Updated: Apr 11, 2019
Collagen supplementation is marketed for its ability to ease osteoarthritis & joint pain, improve skin elasticity, and even support gut health. But are the rumours true? Is there research to back these claims or is it just a marketing ploy?
So what is collagen?
The connective tissues of our body largely consist of collagen. Think tendons and ligaments. But also our skin, cornea of our eyes, the discs in our spine, the cartilage in our joints, our bones, our blood vessels & even our gut contain collagen. It is the most abundant protein in our body. However after 25 years of age our collagen synthesis has been estimated to decrease by 1% each year (study). Hence the wrinkles, sagging and thinning skin as we age.
Amino acids - the building blocks of all protein
Collagen is made up of amino acids. In fact, amino acids are the building blocks of all protein. Given that around 20% of the human body consists of protein and that they are involved in almost all biological and metabolic processes, protein and amino acid consumption is vital for the structure and function of the human body.
Amino acids are also needed to produce a number of brain neurotransmitters important for healthy mood and sleep.
There are twenty amino acids in your body's proteins. Of those twenty, nine are considered essential. These essential amino acids cannot be synthesized by the body and need to be consumed in our diet. These include histidine, isoleucine, leucine, lysine, methionine, phenylalanine, threonine, tryptophan, and valine. Unlike fats and carbohydrates, the body doesn't store excess amino acids for use later, so regular daily consumption is important.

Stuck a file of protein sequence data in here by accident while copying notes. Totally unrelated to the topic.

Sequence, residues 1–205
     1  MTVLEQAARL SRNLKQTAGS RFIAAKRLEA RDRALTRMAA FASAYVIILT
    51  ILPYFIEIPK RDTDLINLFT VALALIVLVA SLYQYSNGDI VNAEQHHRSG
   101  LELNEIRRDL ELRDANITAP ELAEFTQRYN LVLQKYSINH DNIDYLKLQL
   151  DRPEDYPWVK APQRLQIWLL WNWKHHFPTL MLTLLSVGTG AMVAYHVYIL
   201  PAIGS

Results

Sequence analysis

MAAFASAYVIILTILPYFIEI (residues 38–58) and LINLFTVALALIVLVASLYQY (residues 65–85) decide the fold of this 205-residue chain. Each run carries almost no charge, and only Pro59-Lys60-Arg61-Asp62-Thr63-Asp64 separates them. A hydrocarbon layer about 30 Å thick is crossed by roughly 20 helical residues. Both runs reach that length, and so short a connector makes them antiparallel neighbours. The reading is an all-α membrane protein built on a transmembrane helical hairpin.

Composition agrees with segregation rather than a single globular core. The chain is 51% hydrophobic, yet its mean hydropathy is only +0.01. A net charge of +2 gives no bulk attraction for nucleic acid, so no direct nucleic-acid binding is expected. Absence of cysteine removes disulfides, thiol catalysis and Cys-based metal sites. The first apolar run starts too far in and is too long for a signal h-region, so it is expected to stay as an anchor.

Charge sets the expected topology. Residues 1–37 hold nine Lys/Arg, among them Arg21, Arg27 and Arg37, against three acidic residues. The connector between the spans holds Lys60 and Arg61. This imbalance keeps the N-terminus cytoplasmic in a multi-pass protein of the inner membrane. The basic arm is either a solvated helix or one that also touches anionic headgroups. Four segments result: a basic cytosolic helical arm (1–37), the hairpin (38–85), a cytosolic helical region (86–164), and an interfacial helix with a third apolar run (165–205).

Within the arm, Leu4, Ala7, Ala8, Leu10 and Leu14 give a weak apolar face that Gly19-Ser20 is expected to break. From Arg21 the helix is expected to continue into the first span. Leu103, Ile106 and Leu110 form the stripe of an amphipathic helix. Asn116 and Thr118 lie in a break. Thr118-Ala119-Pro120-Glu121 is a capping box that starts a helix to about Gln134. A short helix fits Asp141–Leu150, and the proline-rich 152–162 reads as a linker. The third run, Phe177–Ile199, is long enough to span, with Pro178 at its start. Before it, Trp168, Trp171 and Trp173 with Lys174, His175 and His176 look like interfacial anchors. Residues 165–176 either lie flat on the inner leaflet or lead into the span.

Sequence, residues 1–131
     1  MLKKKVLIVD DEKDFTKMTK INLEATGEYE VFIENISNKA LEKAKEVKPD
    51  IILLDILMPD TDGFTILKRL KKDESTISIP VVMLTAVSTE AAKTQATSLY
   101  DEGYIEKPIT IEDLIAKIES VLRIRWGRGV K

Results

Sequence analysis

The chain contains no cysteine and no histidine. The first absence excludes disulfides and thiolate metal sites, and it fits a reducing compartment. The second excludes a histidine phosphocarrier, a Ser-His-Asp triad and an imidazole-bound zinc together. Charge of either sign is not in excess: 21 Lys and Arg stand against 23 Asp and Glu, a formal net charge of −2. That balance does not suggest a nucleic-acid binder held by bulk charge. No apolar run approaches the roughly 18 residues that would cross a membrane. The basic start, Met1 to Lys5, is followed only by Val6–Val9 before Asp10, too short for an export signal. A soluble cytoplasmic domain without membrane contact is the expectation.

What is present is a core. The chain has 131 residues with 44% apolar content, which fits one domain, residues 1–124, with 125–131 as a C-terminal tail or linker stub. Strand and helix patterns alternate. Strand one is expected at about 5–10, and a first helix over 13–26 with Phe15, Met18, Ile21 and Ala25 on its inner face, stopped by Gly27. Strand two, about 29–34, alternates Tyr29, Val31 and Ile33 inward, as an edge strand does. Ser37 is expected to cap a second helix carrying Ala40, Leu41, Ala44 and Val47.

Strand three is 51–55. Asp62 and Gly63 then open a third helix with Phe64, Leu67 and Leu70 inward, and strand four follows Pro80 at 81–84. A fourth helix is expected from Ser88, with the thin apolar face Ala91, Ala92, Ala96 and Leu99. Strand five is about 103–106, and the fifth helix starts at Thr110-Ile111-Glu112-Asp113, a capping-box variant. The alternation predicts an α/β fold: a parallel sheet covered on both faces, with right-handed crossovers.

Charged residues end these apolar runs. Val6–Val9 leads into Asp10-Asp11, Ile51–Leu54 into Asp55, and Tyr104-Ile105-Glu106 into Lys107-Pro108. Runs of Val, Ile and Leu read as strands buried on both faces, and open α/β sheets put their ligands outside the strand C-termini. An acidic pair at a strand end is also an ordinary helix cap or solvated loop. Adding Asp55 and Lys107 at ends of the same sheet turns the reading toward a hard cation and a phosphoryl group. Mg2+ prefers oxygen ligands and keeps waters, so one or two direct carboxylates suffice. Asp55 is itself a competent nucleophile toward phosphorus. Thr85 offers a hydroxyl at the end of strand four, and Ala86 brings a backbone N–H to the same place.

Also not many food sources contain all 9 essential amino acids, or all 20. The amino acid profile differs depending on the source. So a varied diet containing many different protein sources is recommended.
Food sources of amino acids and collagen
Complete protein sources that contain all the essential amino acids you body needs come from animal sources such as meat and eggs. Vegetables, nuts, soy, beans and legumes also contain essential amino acids, however most do not contain all nine. (Chia seeds and quinoa may be an exception!)
Collagen comes from animal sources only. It gives animals structure, just like cellulose gives plants its structure.
Collagen usually contains around 18 of the 20 amino acids and is typically high in the amino acids glycine, proline, hydroxyproline and arginine.
Glycine is needed for the production of the powerful antioxidant glutathione. (Along with glutamine and cysteine). Arginine is essential for building muscle.
Traditional diets utilized the whole animal. The organs were typically consumed and bones were used to make bone broth. Bone broths are very high in minerals like calcium, phosphorus, magnesium and in a form that is easy to absorb. Also, they are rich in gelatin - the cooled form of collagen, and are likely to have similar benefits to other forms of collagen.
Aren't there different types of collagen?
There are at least 16 types of collagen, but 80 – 90 percent of the collagen in the body consists of types I, II, and III.